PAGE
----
Of his books that have been filmed, Stars and Bars (1988) starred Daniel Day-Lewis as an art expert at large in the Deep South of America, the Bruce Beresford-directed A Good Man in Africa (1994) had Sean Connery in the title role, and Armadillo was made by the BBC in 2001. Any Human Heart was one of his novels, however, that he considered un-filmable (The New Confessions is another") because of its episodic nature and sprawling length. Channel 4 and Carnival Films (makers of Downton Abbey) changed his mind when they promised him six hours in which to tell the story. And they have delivered on that promise, with Sam Claflin (The Pillars of the Earth) playing Mountstuart in his student days, Matthew Macfadyen then taking over for his middle age, and Jim Broadbent portraying him in later life. Having three actors to play the same character gets over the need for tricksy make-up, Boyd pointing to Chaplin, the 1992 biopic of Charlie Chaplin (which film's screenplay he co-wrote), as the effect he was trying to avoid.

"We had a 25-year-old Robert Downey Jr trying to play an 80-year-old man under 15 pounds of plastic prosthetics... you end up looking at the make-up," he says. "Even when you throw money at it, like in that film The Curious Case of Benjamin Button, there's something odd about Brad Pitt being 10 or being 85, so we thought – everybody knows it's a movie, they're all actors – everybody knows that – let's just say we're going to use three actors."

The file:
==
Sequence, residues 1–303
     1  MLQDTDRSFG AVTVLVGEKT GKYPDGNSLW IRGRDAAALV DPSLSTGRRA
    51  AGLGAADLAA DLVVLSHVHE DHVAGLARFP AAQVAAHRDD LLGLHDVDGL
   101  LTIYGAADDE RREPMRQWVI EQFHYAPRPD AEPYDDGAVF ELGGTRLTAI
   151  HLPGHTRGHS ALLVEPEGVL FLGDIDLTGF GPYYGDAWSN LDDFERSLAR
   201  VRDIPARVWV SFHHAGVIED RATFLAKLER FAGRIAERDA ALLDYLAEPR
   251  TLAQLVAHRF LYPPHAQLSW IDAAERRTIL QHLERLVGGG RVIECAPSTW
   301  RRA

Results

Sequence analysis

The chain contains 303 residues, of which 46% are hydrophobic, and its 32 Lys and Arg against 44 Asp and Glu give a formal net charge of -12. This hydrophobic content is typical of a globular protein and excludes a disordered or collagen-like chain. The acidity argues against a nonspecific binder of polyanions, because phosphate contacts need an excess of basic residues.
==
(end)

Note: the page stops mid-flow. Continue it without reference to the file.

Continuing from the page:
Claflin, Macfadyen and Broadbent are part of a well-judged cast that also includes Freddie Fox (son of Edward Fox) as Mountstuart's lifelong friend Peter Scabius, Hayley Atwell as his great love, Freya Deverell, Kim Cattrall, Julian Rhind-Tutt and (uncanny as the Duke and Duchess of Windsor) Tom Hollander and Gillian Anderson. From what I have seen – the opening episode and a showreel of the remaining three – Any Human Heart is going to be a treat. What it resolutely won't be is the novel of the same name.

"I can bore for England on this subject," says Boyd. "I keep saying this, but it's worth saying again, the novel and film are two entirely different art forms... as different as opera and theatre. I approached Any Human in the way that I would approach the adaptation of any novel – what would work on screen? – rather than saying 'let's be as faithful as we can to the book'. It's all about film-making and not about reverential attention to the source. So in a way you park your novel. "

And of course Boyd is lucky in that he didn't have the author's feelings to take into consideration. "As the author writing the screenplay you can actually be far more ruthless and audacious," he says. And the first thing that fans of the book will notice is that Mountstuart's schooldays have been completely excised, as has his later sojourn in Africa.

"All adaptations lose probably 40 to 60 per cent of the book," he says. "Sometimes these decisions make the drama better, the way a novel can meander and pause and digress just doesn't work in film. I'm always amazed at how capacious and generous is the novel form – you can do anything. As soon as you get into film you just run up against parameters, constraints and compromises, which are not forced upon you by venal producers or anything like that.